So how do you solve it? By either manually or with live storage migration moving it into a subfolder which will give the right ACL´s and thus giving the VM worker process rights to create a avhdx file in that folder.
So watch out when you create new VM´s that you actually put all of the virtual disks that belong to it inside folders on those CSV´s!
I have helped two customers moving their System Center VMM 2012 R2 servers to a Hyper-V VM.. Instead of carrying legacy stuff we installed a new Generation 2 VM in Hyper-V with Windows Server 2012 R2.
Easier said than done… or?
So what went wrong at both customers and how did I solve it?
We copied the library and the database backup from the old server. Did a shutdown of that one and then started the new one and added that to the domain and then installed the VMM server.
Patched it to UR7 with windows update and after that we did a restore of the db from the old system with the binary scvmmrecover.exe -path <db-backupfile>.
After that I started the console and trying to check things in properties and stuff and the console crashed the service got a dump:
Looking at the dump, I could see that not everything was great with the database, (the old VMM server was patched to UR7 before I did a database backup). Based on the log file something is missing in the restored database…
So how did I solve it? I uninstalled the UR7 on the VMM server and then reinstalled it and voila, no more crashes!
Azure Automation and Hybrid Runbook workers are fun to play with and today I wanted to try something like automating System Center VMM tasks,
I read Markus Lassfolk´s post about changing VM´s network adapters MAC from dynamic to static which is the prefered setting that you should use for your Hyper-V VM´s. So How could I utilize this with Azure Automation runbooks instead of an script that is run on the VMM server?
In my runbook I have a VMM Automation account declared as a credential and I connect to the VMM server with that to be able to reconfigure the VM´s. If I do not use a -PSCredential for the inlinescript the Runbook worker will try to use the system account of the Worker server and that does not work so well on the connection to the VMM server,
Either start it from powershell console if you have Azure PowerShell module installed or within the GUI and I used only one input parameter and that can be used for an explicit VM or “All” VM´s.
And as you can see in the VMM log I have changed the VM´s NICS, and also if a VM have two or more NICS all of them get a static MAC configured :
Hope that you see the potential in Azure Automation and Happy automating!
I have been helping a customer with their environment and we had a problem that took me a while to figure out.
They were baking reference images for their SCCM environment and the best and easiest way is to use VM´s of course. The problem that occurred was that when the image was being transferred back to the MDT server the VM rebooted after half of the image had been uploaded….
So what was doing this crazy behavior? It took me a little while before I realized what it was all about and it had to do with the Hyper-V cluster platform and resilience and heartbeat functionality!
So at first the build VM boots from the MDT image, no integration tools yet then but then it restarts to install applications and stuff within the OS and as the customer works on a Windows 7 image you can see it starts to send heartbeat to the host.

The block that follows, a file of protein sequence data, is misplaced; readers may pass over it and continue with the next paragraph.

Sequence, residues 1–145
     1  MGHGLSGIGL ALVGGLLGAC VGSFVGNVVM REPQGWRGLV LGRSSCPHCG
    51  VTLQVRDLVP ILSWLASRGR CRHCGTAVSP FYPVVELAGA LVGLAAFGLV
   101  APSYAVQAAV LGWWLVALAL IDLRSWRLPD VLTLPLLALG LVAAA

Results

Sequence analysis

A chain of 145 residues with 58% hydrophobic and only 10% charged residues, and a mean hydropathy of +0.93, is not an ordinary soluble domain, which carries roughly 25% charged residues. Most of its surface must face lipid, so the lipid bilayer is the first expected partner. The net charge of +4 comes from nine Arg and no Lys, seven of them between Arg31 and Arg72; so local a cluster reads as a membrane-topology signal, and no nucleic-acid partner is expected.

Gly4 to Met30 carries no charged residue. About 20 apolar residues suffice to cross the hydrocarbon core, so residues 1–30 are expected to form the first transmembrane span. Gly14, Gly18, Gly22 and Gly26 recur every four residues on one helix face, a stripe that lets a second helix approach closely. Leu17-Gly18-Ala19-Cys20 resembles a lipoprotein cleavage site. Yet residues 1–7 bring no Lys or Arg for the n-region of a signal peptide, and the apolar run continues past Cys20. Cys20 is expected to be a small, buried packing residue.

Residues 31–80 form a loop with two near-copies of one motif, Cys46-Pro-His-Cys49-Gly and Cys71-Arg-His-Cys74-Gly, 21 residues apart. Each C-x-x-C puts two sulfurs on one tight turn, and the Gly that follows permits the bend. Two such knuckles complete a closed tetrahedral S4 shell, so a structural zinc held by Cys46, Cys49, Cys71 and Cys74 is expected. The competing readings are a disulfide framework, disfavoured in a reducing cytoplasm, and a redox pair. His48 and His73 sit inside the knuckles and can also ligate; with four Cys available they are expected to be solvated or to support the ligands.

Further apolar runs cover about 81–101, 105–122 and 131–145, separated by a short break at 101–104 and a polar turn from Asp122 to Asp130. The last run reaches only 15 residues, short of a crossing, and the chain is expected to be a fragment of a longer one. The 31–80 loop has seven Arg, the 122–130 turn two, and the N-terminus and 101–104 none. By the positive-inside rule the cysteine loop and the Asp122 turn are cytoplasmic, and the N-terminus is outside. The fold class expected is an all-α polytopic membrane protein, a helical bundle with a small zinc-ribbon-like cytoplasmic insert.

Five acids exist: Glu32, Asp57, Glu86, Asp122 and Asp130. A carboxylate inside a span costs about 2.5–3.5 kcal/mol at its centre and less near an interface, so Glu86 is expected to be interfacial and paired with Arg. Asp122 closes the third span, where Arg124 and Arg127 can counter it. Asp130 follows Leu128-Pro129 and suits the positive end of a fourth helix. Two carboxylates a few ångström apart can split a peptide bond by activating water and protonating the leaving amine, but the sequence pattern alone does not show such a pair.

As you might know, clients and servers since Windows Vista and 2008 have integrational services by default in them although best practice is to upgrade them as soon as possible if the VM shall continue to reside in Hyper-V.
The interesting part in this case was that the OS rebooted within itself when it was finished with sysprep to start the MDT image for transferring the WIM back to the MDT server and the cluster/hyper-v did not notice this and thus it thought that the heartbeat stopped.
And as it was a cluster resource this heartbeat loss was handled by default, and guess what, rebooted!
So what settings in the cluster resource does this madness? First of all, the Heartbeat setting on the cluster vm resource properties
This can be read on the technet site about Heatbeat setting for Hyper-V clusters:
And then you have policy what the cluster should do after it thinks the vm has become unresponsive:
There are different ways to stop the cluster from rebooting the machine and one of them is to disable heartbeat check and another is to set the response to failure to do nothing,
The customer uses mostly VMM console and for them when building a new VM for MDT reference builds they can set the integrational services to disable heartbeat check and thus not get their work postponed by unwanted reboots.
During the search for why I checked Host Nic drivers as I thought that it might have something with a transfer error but could not find anything, positively the hosts got up on the latest nic firmware and drivers 😉 . My suspicion that it had to be the cluster was awaken after I had spun up a test VM that was not part of the cluster and that one succeeded in the build and transfer.
This is a rare case and I would say that in 99% of the cases you want the default behaviour to happened as a VM can become unresponsive and then the cluster can try a reboot to regain into operations..
Clarification: If you spin up a VM with a OS or pxe image that does not have integrational services it will not reboot the VM after the cluster timeout, the OS has to start sending heartbeat to the Hyper-V host and then it will be under surveillance and managed by the cluster until properly shut down!
Hope that this helps for someone out there wondering what happens…